(a) Reciprocal admission. An Applicant is eligible to be admitted by motion if the Applicant meets all the requirements of this rule. Admission by Motion is not a right; the burden of proof is on the Applicant to establish by clear and convincing evidence that the Applicant:
(1) has paid the prescribed nonrefundable fee and filed the required Complete Application as a Motion Applicant;
(2) is at least 21 years old;
(3) has been admitted by bar examination to practice law before the highest court of a U.S. state, territory or the District of Columbia;
(4) holds a First Professional Degree in law from an Approved Law School;
(5) has successfully passed the MPRE;
(6) has demonstrated that the U.S. state, territory or the District of Columbia that licenses the Applicant reciprocally allows the admission of licensed Utah lawyers under terms and conditions similar to those set forth in this rule;
(7) has been licensed and engaged in the Full-time Practice of Law, as defined in Rule 14-701(b), (u), and (jj), for 36 of the 60 months immediately preceding the date the application for admission is filed;
(8) was engaged in the Full-time Practice of Law in the reciprocal jurisdiction, whether remotely or in-person, during the time period described in (a)(7);
(9) is a member in good standing in all jurisdictions where currently admitted;
(10) has a proven record of ethical, civil, and professional behavior and has never been disbarred or resigned with discipline pending, or their equivalent, in any jurisdiction and is not currently subject to lawyer discipline or the subject of a pending disciplinary matter; and
(11) is of good moral character and satisfies the requirements of Rule 14-708.
(1) Time practicing in Utah. Any time practicing at an office located in Utah will not be counted as time practicing in a reciprocal jurisdiction except to the extent that the lawyer has complied with Rule 5.5 of the Utah Rules of Professional Conduct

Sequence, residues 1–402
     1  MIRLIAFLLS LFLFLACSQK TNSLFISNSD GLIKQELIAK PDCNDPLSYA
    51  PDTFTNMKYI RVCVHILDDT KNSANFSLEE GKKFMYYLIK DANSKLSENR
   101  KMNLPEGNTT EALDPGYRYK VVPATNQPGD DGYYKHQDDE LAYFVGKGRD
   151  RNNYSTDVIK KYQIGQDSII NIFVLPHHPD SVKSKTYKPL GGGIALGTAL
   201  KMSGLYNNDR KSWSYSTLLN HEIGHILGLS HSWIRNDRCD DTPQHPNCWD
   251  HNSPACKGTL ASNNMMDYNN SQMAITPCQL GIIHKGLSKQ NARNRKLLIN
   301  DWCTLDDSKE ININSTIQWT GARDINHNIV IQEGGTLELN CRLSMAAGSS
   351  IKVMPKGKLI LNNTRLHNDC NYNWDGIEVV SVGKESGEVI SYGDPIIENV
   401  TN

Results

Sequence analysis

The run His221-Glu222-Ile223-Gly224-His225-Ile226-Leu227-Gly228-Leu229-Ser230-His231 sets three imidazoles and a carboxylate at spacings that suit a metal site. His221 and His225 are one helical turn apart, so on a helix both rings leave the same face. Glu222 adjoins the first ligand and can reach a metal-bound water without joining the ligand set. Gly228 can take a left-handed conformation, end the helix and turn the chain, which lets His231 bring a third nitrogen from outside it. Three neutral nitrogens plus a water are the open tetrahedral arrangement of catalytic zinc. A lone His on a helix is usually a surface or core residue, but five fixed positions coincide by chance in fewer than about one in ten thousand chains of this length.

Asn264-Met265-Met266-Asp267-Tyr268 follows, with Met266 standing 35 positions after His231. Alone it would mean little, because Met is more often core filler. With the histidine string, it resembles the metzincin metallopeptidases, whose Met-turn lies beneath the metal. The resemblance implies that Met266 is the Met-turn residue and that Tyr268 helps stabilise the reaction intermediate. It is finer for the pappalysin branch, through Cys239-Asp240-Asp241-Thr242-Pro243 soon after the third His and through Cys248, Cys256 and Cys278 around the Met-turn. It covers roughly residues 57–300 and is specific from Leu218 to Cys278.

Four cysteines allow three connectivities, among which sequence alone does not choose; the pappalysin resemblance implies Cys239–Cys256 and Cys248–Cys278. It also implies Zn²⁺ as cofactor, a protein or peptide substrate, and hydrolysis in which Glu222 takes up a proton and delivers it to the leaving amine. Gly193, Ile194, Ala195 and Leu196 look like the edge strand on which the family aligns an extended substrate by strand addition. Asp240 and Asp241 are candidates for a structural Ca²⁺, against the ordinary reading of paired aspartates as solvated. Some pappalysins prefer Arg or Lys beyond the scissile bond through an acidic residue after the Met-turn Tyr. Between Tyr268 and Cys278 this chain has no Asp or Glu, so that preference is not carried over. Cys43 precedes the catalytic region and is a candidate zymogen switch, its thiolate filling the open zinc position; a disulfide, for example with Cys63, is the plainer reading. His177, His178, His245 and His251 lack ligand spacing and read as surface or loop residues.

(2) House counsel. Lawyers licensed in Utah as House Counsel may count time practicing in Utah toward the requirements of this rule.
(3) Full-time law professors in Utah. Law professors at an Approved Law School in the state of Utah who have worked full-time as a law professor for 36 of the 60 months immediately preceding the date the application for admission is filed are exempt from the requirement of being engaged in the Full-time Practice of Law. Working full-time as a law professor means working as a law professor at least 80 hours per month.
(c) Application form and content. The Board may require additional proof of any facts stated in the application. If the Applicant fails or refuses to furnish any information or proof, or to answer any Board inquiry pertinent to the pending application, the Board may deny the application without hearing.
(d) Timing of application and admission. An application may be filed at any time but the Applicant must be able to demonstrate that the Applicant satisfies the requirements of this rule as of the date the application is filed. Processing of the application and the character and fitness investigation require a minimum of four months to complete.
(1) An Applicant not eligible for admission pursuant to this rule may qualify for admission as an Attorney Applicant pursuant to Rule 14-704.
(2) Upon approval the Applicant must comply with Rule 14-716 concerning licensing and enrollment fees.
(e) Practice pending admission. Only persons who are active, Bar licensees in good standing may engage in the practice of law in Utah. However, a Motion Applicant with a pending Bar application may be eligible to practice for a limited period upon satisfaction of all the requirements of Rule 14-809 and receipt of a Practice Pending Admission Certificate.
Effective November 7, 2022 pursuant to UCJA Rule 11-105(5).
The Utah State Courts mission is to provide the people an open, fair, efficient, and independent system for the advancement of justice under the law.